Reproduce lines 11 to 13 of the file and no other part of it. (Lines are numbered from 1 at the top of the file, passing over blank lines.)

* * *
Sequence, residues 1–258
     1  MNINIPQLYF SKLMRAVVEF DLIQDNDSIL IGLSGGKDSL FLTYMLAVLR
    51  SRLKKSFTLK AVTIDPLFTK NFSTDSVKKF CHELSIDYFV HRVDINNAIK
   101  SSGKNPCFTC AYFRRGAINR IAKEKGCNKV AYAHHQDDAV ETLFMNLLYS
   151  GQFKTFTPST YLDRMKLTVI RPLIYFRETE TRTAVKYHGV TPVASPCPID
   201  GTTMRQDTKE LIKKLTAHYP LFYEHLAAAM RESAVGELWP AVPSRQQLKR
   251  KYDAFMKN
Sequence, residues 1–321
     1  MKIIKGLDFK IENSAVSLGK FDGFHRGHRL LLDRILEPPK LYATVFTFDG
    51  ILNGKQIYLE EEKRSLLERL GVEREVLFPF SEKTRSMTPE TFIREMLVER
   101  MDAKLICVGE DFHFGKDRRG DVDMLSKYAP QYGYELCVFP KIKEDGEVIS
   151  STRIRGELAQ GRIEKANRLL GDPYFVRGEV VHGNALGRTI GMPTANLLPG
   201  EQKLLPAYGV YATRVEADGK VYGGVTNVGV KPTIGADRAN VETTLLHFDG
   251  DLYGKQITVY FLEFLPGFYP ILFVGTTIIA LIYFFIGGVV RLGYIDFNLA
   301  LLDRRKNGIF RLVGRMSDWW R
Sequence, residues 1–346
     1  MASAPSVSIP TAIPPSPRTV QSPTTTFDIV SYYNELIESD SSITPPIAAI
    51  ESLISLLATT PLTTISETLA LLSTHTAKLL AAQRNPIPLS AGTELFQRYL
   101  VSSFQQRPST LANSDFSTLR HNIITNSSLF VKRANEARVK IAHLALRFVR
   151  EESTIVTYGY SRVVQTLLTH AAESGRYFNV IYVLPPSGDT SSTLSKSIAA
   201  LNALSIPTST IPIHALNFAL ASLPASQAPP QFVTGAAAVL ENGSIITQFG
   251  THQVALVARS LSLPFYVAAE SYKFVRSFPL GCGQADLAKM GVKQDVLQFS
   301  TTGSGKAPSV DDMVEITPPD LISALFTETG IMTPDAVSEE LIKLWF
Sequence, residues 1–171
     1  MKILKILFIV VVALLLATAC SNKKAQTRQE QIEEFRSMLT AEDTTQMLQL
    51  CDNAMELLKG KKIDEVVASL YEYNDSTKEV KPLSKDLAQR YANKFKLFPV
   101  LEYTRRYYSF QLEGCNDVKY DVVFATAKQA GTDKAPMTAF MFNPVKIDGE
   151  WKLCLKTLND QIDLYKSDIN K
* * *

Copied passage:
   101  MDAKLICVGE DFHFGKDRRG DVDMLSKYAP QYGYELCVFP KIKEDGEVIS
   151  STRIRGELAQ GRIEKANRLL GDPYFVRGEV VHGNALGRTI GMPTANLLPG
   201  EQKLLPAYGV YATRVEADGK VYGGVTNVGV KPTIGADRAN VETTLLHFDG